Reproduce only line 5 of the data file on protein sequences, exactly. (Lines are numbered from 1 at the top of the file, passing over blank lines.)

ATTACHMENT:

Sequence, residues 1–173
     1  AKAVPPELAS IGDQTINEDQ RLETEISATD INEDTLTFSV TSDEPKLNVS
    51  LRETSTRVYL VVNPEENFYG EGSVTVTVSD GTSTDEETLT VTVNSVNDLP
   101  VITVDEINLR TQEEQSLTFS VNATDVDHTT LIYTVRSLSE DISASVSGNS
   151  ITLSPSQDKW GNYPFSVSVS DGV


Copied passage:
   151  ITLSPSQDKW GNYPFSVSVS DGV